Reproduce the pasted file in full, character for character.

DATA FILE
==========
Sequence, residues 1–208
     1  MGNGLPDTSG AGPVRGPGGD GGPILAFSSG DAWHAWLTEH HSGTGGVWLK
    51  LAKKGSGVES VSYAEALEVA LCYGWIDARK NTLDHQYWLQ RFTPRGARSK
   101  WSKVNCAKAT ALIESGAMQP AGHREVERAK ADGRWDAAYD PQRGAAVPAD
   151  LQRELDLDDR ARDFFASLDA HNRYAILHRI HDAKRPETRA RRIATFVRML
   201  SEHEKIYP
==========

Sequence, residues 1–208
     1  MGNGLPDTSG AGPVRGPGGD GGPILAFSSG DAWHAWLTEH HSGTGGVWLK
    51  LAKKGSGVES VSYAEALEVA LCYGWIDARK NTLDHQYWLQ RFTPRGARSK
   101  WSKVNCAKAT ALIESGAMQP AGHREVERAK ADGRWDAAYD PQRGAAVPAD
   151  LQRELDLDDR ARDFFASLDA HNRYAILHRI HDAKRPETRA RRIATFVRML
   201  SEHEKIYP